A car rolls down the train tracks along Del Monte Boulevard in Marina, making an iconic clang, clang, clang sound. But this is not an ordinary train car – it’s a handcar, big enough to seat four people in an open-air arrangement, for a ride designed for fun rather than transportation. Handcar Tours will open for rides in Marina this summer, with cars built to accommodate up to four riders facing each other in pairs, who push handles back and forth like a seesaw. There’s a rush on the downhills through Fort Ord Dunes State Park.
The cars, despite looking straightforward, were carefully analyzed and designed. “My goal was to create a safe vehicle that’s not too difficult to operate,” says Mason Clark, director of manufacturing and operations of Handcar Tours, based in Santa Clarita.
To start, he looked through dozens of old patterns and designs for rail handcars, which date back to the late 1800s, when their purpose was for transportation or to provide access to locations that needed railroad maintenance. Early designs had three instead of four wheels and they were relatively unstable; by the beginning of the 20th century they were replaced by motorized versions.
Clark’s version has four wheels, and handles on each side of the cart that move independently of one another so riders can each pump according to their own power. “These cars are basically bicycles,” he says. “The purpose of the gears is to get more speed.”
The first prototype started in 2018 when Clark was a mechanical engineering student at Cal Poly Pomona, where his professor told him he did the equivalent of 10 senior projects. “I did that because I had a true passion for this,” he says.
But the concept dates back to when Clark, always a railroad enthusiast, was just a kid.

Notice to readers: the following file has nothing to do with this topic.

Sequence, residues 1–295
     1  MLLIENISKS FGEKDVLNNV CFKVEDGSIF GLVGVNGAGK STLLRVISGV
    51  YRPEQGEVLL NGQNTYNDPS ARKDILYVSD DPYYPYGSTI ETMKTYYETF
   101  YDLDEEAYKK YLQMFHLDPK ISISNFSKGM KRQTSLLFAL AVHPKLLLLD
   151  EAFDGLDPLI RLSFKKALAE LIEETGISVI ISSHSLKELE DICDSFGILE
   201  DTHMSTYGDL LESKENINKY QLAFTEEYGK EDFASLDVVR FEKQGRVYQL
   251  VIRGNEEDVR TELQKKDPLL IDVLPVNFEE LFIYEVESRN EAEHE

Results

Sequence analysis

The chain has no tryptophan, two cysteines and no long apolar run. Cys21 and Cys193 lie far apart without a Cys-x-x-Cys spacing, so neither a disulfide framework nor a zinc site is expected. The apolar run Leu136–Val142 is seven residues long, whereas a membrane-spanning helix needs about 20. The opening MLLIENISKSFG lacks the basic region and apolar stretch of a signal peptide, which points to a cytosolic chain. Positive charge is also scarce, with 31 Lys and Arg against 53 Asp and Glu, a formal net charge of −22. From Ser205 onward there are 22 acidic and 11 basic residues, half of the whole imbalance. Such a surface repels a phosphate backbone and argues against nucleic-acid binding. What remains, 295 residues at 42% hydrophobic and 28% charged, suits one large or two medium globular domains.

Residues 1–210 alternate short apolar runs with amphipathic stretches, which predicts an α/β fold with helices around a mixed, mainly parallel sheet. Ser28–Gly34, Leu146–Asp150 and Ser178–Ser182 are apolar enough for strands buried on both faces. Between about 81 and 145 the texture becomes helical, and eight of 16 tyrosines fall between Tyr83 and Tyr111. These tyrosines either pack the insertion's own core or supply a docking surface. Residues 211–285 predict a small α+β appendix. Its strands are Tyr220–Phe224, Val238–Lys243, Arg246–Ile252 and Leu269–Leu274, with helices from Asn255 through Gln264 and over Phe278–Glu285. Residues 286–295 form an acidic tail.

“My son has been building hand cars since he was 12,” says Todd Clark, also a railroad enthusiast and director of administration at the company. The family has traveled to different parts of Nevada and California over the past 10 years, trying out their cars on different tracks. “It was kind of a dream idea,” Todd says.
The family surveyed different train lines to find the right place to start their recreational business, and they found it in Marina. “This section of track is very rare and unbroken,” Todd says. “The other thing which is really unique about this is the ocean. And the weather is perfect.”
Indeed, this stretch of track winds through the dunes between Highway 1 and the Recreation Trail, through rolling hills and with sweeping views of the Monterey Bay.
Handcar Tours began negotiating with the Transportation Agency of Monterey County for use of the tracks starting in 2019; the company is renting a six-mile section of track for $15,000 for three months, until Sept. 30.
Dozens of volunteers began working in March to clear vegetation off the tracks and get them ready to safely run handcars. “I think it’ll be good fun, especially for families,” says Melanie Cooper, who with her husband and two daughters helped clear the tracks (and also got to try riding the handcars). “We’re all really excited because there isn’t anything like it in the area.”
To get ready to launch, the Clarks faced two big challenges. One from the past: the rusty switches on the tracks to change lines, and one from the present: the shortage of labor due to Covid-19. “Without adequate labor, we may not be able to operate as often as we like,” Todd says.
The handcar tour starts at the corner of Palm Drive and Marina Avenue. A caravan of 12 carts will travel at an average speed of 8 miles per hour, and will take 45-50 minutes to complete the six-mile loop along the Monterey Branch Line. Tours cost $150 per car, and will open Fourth of July weekend (ages 9 and up only).
The Clarks plan to operate most weekends through September. It could become a longer-term attraction, offering a chance to experience what it was like to drive a handcar on rails that were laid before Marina became a city.